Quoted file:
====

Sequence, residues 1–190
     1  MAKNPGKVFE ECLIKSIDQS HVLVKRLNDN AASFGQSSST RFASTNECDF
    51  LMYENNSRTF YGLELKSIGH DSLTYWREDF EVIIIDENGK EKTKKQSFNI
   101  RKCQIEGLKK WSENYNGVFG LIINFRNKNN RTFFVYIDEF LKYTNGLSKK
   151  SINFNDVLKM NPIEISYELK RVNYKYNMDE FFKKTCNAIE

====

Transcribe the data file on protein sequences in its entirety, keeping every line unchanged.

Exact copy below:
Sequence, residues 1–190
     1  MAKNPGKVFE ECLIKSIDQS HVLVKRLNDN AASFGQSSST RFASTNECDF
    51  LMYENNSRTF YGLELKSIGH DSLTYWREDF EVIIIDENGK EKTKKQSFNI
   101  RKCQIEGLKK WSENYNGVFG LIINFRNKNN RTFFVYIDEF LKYTNGLSKK
   151  SINFNDVLKM NPIEISYELK RVNYKYNMDE FFKKTCNAIE